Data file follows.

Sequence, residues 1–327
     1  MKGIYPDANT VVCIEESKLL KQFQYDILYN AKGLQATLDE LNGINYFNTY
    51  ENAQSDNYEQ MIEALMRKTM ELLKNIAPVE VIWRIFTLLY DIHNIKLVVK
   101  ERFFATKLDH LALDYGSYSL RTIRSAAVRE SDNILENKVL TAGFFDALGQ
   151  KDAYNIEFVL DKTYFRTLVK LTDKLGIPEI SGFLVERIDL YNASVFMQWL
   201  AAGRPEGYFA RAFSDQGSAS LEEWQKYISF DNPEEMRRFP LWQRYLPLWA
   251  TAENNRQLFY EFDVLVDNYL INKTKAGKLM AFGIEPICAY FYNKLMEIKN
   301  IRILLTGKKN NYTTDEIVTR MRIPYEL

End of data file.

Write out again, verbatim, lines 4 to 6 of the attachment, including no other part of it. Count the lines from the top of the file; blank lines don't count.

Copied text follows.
   101  ERFFATKLDH LALDYGSYSL RTIRSAAVRE SDNILENKVL TAGFFDALGQ
   151  KDAYNIEFVL DKTYFRTLVK LTDKLGIPEI SGFLVERIDL YNASVFMQWL
   201  AAGRPEGYFA RAFSDQGSAS LEEWQKYISF DNPEEMRRFP LWQRYLPLWA